Here’s the risk posed by cats eating different types of chocolate:
|Chocolate Type||Amount Consumed||Toxicity Risk|
|20 – 80g||Severe|
Can Cats Eat Small Amounts of Chocolate?
No amount of chocolate is safe for cats. If you’re fortunate, your cat won’t grow sick if it only eats a small amount. Many cats aren’t lucky enough to escape unscathed from eating chocolate.
There may be times that cats eat tiny traces of chocolate by accident. For example, maybe you’ve been baking and the cat licks cocoa powder from the floor.
For a chocolate-style treat that’s safe for cats, get carob snacks from a pet store.
How To Tell If A Cat Ate Chocolate
Warning signs of chocolate poisoning in cats include:
- Vomiting and diarrhea
- Wide and staring eyes
- Restlessness and agitation
- Urinating to excess
- Lower body temperature
- Difficulty breathing
- A rapid, very slow, or irregular heartbeat
How Long Before Symptoms of Chocolate Poisoning in Cats Appear?
Not all cats will display immediate symptoms of chocolate toxicity after consumption.
Factors that affect how soon your cat reacts include how much chocolate was eaten, the weight of your cat, its age, and state of health.
Most cats will start to exhibit signs of chocolate toxicity within 6-12 hours. In severe cases, the symptoms can continue for up to 72 hours.
What To Do If A Cat Eats Chocolate
Check for medical emergencies, such as the inability to breathe. If it’s OK, ensure that your cat has plenty of water, but don’t feed it anything else. Keep the cat calm and inactive.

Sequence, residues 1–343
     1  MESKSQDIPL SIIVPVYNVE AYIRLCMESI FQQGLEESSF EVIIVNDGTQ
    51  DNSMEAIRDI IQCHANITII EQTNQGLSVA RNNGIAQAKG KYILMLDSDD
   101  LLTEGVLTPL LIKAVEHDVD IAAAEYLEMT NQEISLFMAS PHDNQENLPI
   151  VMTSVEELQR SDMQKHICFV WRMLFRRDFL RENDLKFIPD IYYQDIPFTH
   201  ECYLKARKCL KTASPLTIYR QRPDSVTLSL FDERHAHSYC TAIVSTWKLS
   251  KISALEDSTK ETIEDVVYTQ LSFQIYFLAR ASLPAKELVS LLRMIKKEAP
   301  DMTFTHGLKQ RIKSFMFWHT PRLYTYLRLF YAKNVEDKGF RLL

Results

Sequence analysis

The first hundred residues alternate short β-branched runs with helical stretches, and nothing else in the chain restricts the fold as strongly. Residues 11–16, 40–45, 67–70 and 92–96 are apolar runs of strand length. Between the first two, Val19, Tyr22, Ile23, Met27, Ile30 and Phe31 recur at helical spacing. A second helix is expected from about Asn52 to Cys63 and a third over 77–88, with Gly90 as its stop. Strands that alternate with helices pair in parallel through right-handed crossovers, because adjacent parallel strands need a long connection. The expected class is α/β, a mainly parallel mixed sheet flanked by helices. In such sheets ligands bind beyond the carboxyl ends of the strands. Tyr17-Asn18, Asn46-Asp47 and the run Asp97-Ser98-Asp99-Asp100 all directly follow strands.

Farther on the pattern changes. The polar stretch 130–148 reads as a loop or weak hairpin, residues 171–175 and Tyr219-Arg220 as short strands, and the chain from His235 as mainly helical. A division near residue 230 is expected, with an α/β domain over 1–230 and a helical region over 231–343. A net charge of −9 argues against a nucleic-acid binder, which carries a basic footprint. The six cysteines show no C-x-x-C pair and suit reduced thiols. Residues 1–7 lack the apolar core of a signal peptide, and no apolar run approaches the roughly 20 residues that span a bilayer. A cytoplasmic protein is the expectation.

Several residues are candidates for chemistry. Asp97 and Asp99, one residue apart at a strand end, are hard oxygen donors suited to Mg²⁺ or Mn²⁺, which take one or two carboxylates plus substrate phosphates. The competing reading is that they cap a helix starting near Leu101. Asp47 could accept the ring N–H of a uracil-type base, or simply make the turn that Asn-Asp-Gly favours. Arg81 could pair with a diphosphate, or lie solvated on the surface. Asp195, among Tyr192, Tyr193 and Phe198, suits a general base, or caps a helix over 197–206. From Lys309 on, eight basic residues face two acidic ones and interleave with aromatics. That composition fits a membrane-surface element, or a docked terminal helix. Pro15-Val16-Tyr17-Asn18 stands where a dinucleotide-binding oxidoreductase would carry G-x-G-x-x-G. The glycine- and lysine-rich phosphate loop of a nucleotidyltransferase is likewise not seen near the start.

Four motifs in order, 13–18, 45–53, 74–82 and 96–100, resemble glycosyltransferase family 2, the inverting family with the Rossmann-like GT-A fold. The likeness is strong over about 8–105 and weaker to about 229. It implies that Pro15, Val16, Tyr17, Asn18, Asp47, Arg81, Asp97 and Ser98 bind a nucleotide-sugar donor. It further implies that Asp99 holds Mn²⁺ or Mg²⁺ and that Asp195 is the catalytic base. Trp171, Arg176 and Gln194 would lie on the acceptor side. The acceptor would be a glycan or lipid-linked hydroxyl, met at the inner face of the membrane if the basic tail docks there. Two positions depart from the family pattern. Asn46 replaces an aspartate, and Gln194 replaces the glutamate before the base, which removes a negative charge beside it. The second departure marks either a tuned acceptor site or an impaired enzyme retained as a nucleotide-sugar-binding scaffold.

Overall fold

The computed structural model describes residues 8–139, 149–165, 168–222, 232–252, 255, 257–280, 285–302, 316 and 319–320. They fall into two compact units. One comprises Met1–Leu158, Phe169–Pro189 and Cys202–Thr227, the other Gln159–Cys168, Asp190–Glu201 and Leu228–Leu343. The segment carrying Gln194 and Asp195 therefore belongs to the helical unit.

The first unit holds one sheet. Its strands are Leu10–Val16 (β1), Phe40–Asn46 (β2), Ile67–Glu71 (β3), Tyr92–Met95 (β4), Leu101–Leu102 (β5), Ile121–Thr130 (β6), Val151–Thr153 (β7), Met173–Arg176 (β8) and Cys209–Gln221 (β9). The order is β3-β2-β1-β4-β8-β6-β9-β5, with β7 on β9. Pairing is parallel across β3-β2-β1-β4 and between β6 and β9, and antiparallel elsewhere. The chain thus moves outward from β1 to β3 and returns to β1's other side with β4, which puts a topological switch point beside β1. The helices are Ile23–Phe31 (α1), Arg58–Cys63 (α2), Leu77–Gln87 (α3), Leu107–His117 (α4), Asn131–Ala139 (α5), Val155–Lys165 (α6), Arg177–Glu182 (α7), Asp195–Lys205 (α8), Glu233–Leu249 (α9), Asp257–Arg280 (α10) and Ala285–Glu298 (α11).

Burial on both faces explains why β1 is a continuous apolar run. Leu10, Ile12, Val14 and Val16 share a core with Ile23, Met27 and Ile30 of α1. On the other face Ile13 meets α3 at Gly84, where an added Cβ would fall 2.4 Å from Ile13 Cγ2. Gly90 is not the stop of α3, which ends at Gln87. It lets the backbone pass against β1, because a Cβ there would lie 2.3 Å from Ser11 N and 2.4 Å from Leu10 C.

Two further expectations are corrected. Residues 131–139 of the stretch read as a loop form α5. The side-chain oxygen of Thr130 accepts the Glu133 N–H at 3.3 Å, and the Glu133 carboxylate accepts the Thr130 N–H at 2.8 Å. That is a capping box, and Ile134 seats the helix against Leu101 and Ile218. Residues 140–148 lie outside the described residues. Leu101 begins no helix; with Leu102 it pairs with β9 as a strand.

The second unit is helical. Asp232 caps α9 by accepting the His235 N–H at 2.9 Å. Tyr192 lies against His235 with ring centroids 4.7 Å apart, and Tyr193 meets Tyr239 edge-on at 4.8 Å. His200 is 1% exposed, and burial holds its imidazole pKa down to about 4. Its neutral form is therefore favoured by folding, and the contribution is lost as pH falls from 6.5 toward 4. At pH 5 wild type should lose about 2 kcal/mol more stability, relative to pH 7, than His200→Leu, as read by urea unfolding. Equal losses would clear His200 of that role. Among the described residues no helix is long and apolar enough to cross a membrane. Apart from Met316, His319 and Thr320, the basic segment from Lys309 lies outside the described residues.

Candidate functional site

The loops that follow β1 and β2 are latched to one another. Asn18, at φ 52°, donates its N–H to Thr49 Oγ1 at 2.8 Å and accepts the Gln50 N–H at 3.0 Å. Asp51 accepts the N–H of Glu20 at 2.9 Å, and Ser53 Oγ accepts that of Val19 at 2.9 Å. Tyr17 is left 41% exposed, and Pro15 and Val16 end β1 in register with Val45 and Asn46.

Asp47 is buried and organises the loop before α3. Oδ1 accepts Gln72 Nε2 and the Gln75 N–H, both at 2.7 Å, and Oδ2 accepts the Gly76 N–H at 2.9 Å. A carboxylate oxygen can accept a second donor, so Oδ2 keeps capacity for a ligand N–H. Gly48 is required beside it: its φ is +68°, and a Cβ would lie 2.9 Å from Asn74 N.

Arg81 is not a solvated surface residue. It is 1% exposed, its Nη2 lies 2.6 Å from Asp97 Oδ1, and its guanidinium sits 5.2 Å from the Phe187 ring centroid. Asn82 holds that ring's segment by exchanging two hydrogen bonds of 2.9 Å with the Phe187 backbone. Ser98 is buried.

Call your vet, answering any questions as best you can. If you don’t know how much chocolate your cat ate or when it happened, be honest and say that you don’t know.
Once you’ve outlined your cat’s circumstances and symptoms, the vet will advise what to do.
Induced vomiting is the act of encouraging a cat to throw up.
If your cat ate chocolate very recently, it won’t yet be digested. As a result, induced vomiting will flush most of the chocolate from the body before it can do any harm.
Only attempt induced vomiting under the guidance of a vet. Never force a cat to vomit by agitating its throat, as this will result in damage to the throat.
The best way to induce vomiting in cats is to:
- Create a solution of hydrogen peroxide (3%) and water (97%)
- Convince your cat to take a teaspoon of this solution
- Stand back and wait for your cat to vomit. If it does so within ten minutes, don’t repeat the dose. If not, try again up to three times
A vet may still want to see a cat after you have induced vomiting.
Activated charcoal involves a similar approach to induced vomiting.
If a cat consumes activated charcoal within an hour of eating chocolate, theobromine will absorb the carbon. In doing so, the theobromine becomes detoxified.
Laxatives accelerate the digestive process of cats.
Tinned pumpkin is a natural laxative for cats. Feed your cat a couple of teaspoons, but only if you have permission to offer your cat solids. Be mindful of the side effects of laxatives, including diarrhea.
If you have cats, never leave chocolate or foods that contain chocolate unattended. Cats may be indifferent to the flavor, but it only takes one act of curiosity to cause severe sickness.